Ask your doctor. For many kids with epilepsy, the seizures do go away when they get older. Other kids keep having seizures all their life. It depends on what kind of epilepsy you have. Sometimes even the doctor can't be sure. If it looks as if you might have a kind of epilepsy that goes away when you get older, the doctor may want to try cutting back on your medicine when you haven't had any seizures for a long time, to see whether they come back or not. Don't try this on your own!
It depends on when you have seizures and how you feel about telling your friends. If you might have a seizure while you're with them, things will go better if they know what to expect and what to do. You can help them to understand that even though you have epilepsy, you're still a regular person and epilepsy is just a little part of who you are. (So don't talk about it all the time.) Maybe some of the other kids have asthma, diabetes, or some other disorder like that. Epilepsy is not much different.
Even if your seizure medicine stops all your seizures, you might find that it feels good to share information about your epilepsy with your close friends. It could be hard to keep your epilepsy a secret. Also, if your friends know about your epilepsy, they can help you avoid the unhealthy things that might cause a seizure, like forgetting your pills, drinking a lot of alcohol, or staying up all night. But whether you tell them is really up to you.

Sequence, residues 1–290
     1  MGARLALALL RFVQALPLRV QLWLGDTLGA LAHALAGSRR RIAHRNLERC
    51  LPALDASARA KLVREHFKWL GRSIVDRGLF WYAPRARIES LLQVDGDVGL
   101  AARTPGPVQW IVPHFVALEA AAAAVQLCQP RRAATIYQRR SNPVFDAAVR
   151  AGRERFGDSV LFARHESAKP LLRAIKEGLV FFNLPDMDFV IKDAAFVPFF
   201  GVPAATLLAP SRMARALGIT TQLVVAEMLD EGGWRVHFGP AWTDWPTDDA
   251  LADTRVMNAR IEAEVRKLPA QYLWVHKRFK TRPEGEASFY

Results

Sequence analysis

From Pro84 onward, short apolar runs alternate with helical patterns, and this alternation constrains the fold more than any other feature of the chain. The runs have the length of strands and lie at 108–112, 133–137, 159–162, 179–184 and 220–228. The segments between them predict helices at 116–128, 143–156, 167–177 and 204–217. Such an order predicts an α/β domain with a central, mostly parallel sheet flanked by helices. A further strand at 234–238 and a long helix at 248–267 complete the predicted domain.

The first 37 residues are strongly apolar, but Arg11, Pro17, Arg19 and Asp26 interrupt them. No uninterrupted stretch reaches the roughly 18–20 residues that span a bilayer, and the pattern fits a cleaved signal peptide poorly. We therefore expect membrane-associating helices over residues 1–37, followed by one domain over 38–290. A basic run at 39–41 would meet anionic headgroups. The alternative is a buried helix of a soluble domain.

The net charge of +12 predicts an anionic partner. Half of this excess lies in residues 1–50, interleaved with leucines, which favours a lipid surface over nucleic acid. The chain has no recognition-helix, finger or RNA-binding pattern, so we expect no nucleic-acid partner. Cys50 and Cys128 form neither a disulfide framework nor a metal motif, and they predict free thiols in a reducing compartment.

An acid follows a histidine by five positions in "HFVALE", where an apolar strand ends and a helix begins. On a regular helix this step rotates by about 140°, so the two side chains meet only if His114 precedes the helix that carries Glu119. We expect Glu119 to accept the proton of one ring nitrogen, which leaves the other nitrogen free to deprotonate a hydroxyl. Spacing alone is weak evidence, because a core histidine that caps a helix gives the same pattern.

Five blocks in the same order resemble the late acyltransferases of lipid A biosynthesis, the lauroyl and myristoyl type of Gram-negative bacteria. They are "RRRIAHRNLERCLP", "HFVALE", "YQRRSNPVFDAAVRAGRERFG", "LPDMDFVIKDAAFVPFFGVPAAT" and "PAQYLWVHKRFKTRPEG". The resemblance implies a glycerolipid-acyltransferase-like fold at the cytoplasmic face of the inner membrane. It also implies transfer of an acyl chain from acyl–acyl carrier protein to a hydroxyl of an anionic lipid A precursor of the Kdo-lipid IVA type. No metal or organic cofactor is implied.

This is a lot like the question about whether to tell your friends. You don't have to tell everybody about your epilepsy right away if there's very little chance that you'll have a seizure. You'll want to wait for the right time. But it's usually not a good idea to wait too long, especially if you do have seizures now and then. Be honest—and tell your date about your epilepsy in person, not on the phone or by email.
Many kids with epilepsy worry that their boyfriend or girlfriend will want to break up with them because of their epilepsy. That could happen, but if you have a positive attitude when you explain it to the other person, they may be less likely to be frightened off. Remember that everybody is rejected sometimes. Usually there are lots of reasons, and not even the person dumping you may understand them all. Plenty of people will value your other qualities and accept your epilepsy as just a small part of who you are.
Each state has its own laws and regulations concerning epilepsy and driving. These laws spell out the details of whether or not you can legally drive. Most states require you to be free of seizures that would interfere with driving for a certain period of time. The length of this period varies from state to state. (The Epilepsy Foundation website contains a list of the rules in each state.) In some states you will need a report from your doctor saying that it's safe for you to drive. Even if your doctor approves, however, the agency in your state that issues driver's licenses makes the final decision.